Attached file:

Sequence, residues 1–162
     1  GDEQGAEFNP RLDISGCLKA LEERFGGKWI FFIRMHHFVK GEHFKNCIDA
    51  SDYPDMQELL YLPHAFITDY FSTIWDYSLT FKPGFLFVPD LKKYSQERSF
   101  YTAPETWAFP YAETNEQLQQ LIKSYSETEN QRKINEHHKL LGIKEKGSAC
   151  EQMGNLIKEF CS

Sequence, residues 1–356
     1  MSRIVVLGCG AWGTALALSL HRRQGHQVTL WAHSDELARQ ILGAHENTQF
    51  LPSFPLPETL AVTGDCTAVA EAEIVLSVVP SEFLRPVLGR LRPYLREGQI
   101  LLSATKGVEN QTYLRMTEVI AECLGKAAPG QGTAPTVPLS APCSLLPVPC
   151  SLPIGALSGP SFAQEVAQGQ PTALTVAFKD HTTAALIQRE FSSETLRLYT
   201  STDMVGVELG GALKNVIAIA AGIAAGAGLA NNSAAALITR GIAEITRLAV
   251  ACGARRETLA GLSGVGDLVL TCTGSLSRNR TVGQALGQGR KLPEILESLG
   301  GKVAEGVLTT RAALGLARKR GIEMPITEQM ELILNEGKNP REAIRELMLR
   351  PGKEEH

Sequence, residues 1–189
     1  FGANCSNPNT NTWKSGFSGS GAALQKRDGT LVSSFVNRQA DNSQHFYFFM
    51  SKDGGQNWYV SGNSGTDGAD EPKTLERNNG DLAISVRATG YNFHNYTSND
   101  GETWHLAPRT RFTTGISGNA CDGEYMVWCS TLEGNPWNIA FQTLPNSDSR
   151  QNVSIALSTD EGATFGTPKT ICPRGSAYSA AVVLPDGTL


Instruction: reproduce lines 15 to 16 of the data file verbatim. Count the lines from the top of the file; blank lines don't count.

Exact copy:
Sequence, residues 1–189
     1  FGANCSNPNT NTWKSGFSGS GAALQKRDGT LVSSFVNRQA DNSQHFYFFM